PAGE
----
Identifying Rare Mammals

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Large coyotes (50+ pounds) have been reported in Maine, but they are uncommon. Any canid 50 pounds or greater may be a wolf, wolf-hybrid, or domestic dog. Maine law protects all wildlife from hunting or trapping when there is not a specific hunting or trapping season for the species. It is also illegal to indiscriminately shoot domestic dogs or wolf-hybrids. We have documented several wolf-like animals in Maine. In most cases, we believe these animals were released from captivity. However, wild wolves have been trapped in southern Quebec and it would have been possible for these animals to travel into Maine. Please use care in identifying any large canids you encounter. If you suspect you have a canine in a trap that is over 4.5 ft. in length (tip of nose to tip of tail) and is over 50 pounds, contact MDIFW before dispatching the animal.

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Cougars have been extirpated from much of their historic range in eastern North America. The last cougar killed in Maine was in Somerset County on the Maine/ Quebec border in 1938. More recently, a 3-year-old male cougar from the Black Hills of South Dakota was struck and killed by a vehicle in Milford, Connecticut in 2011 (a distance of >2,000 km). Cougars have been sporadically documented in eastern Canada including 3 known cougar mortalities in Quebec from 1992-2002. The Department receives possible cougar sightings each year, but most lack physical evidence. If you see a cougar or other evidence of a cougar (e.g., tracks, scat), take photos and contact a regional wildlife biologist.

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New England Cottontail Rabbits

If you are trapping in southern Maine, MDIFW would like to know if you accidentally trap or see New England cottontail rabbits. Cottontail rabbits are smaller than snowshoe hare, have hind feet less than 4 inches in length, and do not turn white in the winter. Their coat remains brown all year round. Please let us know about any rabbits you see. This is Maine’s only native rabbit and MDIFW is actively trying to restore its population. Identifying new areas where the rabbit occurs could greatly benefit restoration efforts. If you accidentally capture a cottontail rabbit, please contact a regional wildlife biologist.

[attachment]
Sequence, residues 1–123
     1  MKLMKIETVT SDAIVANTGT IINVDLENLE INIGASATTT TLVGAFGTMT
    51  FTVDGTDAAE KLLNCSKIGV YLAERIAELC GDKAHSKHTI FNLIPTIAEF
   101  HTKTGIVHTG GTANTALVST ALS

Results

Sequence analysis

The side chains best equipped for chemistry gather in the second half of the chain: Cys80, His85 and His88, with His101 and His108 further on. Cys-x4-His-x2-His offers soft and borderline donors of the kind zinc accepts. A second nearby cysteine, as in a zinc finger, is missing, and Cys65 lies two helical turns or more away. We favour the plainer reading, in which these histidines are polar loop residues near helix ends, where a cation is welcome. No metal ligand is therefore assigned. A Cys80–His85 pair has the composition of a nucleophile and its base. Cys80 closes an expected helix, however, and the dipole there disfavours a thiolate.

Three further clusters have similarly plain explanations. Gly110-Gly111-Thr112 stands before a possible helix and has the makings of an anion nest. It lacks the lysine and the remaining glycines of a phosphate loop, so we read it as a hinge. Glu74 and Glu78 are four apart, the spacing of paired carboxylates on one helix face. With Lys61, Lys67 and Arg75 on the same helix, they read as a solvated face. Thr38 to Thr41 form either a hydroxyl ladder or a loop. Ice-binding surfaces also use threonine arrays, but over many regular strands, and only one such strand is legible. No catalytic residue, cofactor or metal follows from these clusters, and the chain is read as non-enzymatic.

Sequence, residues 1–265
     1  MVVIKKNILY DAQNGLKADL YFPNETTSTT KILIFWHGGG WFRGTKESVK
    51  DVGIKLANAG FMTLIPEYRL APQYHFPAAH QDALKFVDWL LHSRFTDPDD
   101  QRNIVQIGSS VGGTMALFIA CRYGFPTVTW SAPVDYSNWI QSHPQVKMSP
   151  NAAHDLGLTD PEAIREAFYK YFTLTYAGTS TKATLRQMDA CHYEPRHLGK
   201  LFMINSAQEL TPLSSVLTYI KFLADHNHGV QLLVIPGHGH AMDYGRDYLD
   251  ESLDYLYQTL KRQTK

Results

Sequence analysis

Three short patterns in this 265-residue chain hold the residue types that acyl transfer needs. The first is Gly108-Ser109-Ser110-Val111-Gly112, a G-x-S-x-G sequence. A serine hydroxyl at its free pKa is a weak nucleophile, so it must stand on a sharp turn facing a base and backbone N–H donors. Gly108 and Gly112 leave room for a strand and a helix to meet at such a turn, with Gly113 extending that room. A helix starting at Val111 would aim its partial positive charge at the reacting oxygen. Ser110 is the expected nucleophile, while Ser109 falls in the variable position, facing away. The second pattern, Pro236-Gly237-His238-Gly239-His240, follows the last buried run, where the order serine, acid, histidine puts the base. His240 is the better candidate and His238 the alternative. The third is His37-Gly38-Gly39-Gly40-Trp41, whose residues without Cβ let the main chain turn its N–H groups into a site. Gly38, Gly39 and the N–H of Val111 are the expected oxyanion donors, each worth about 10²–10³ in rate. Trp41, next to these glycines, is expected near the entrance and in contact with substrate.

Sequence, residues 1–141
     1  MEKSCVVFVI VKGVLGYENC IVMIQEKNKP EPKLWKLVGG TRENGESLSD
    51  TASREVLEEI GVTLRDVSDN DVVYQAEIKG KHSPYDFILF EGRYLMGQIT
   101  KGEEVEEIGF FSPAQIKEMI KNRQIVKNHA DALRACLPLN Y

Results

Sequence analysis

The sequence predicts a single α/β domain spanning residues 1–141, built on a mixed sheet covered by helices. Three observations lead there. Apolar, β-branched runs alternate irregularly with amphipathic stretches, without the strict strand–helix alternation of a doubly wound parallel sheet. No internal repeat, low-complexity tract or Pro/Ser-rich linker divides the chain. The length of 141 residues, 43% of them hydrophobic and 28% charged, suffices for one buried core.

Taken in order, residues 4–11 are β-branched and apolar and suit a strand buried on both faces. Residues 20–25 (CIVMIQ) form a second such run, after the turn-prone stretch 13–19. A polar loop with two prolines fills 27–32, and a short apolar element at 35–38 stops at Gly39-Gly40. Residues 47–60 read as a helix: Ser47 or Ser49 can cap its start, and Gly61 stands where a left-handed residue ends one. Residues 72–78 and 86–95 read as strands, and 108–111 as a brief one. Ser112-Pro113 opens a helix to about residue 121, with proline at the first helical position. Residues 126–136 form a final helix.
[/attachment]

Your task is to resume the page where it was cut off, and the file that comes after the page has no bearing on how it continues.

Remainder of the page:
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Track & Track Patterns for Bobcat, Lynx, Coyote, and Domestic Dogs

Species General Shape Walking Stride Print Size
(Front Foot)
Track Pattern
Bobcat General round appearance. Heel points in slightly different direction than toes. No nail marks, but if present, attached to toe marks. 11" to 23" Lengt: 1 7/8" to 2 ½"
Width:1 7/8" to 2 5/8"
Direct or double register walking pattern. Trail pattern zigzags right-left-right-left.
Lynx Same as bobcat but tracks show a lot more hair. Smaller pads than a cougar. 15" to 31" Length: 3 ¼" to 3 ¾"
Width: 3" to 3 3/8"

Outline of hair impression:
Length: 4 ½" to 5 3/8"
Width: 3 3/8" to 5 ½"
Same as bobcat
Coyote 4 toes, oval shaped track. Front nails often close together. Side nails often do not register. Eastern:
17 ½" to 26"
Length: 2 7/8" to 3 ½"
Width: 1 7/8" - 2 ½"
Trail pattern usually is in a straight line. Walking pattern is usually direct registering
Dog Similar to wolves and coyotes. Inner toes often splayed outwards. Varies with breed Varies with breed Trail pattern sloppy, wandering, not usually in a straight line. Walking pattern is often double register.

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Maine Mammal Tracks

F - Front track
H - Hind track
T - Tail marks may be present

Tracks Not to Scale
Sizes indicate length of tracks. Depending on the substrate (snow, mud, dust, sand, etc.) and the speed the animal was moving, tracks may show great variability in their appearance.

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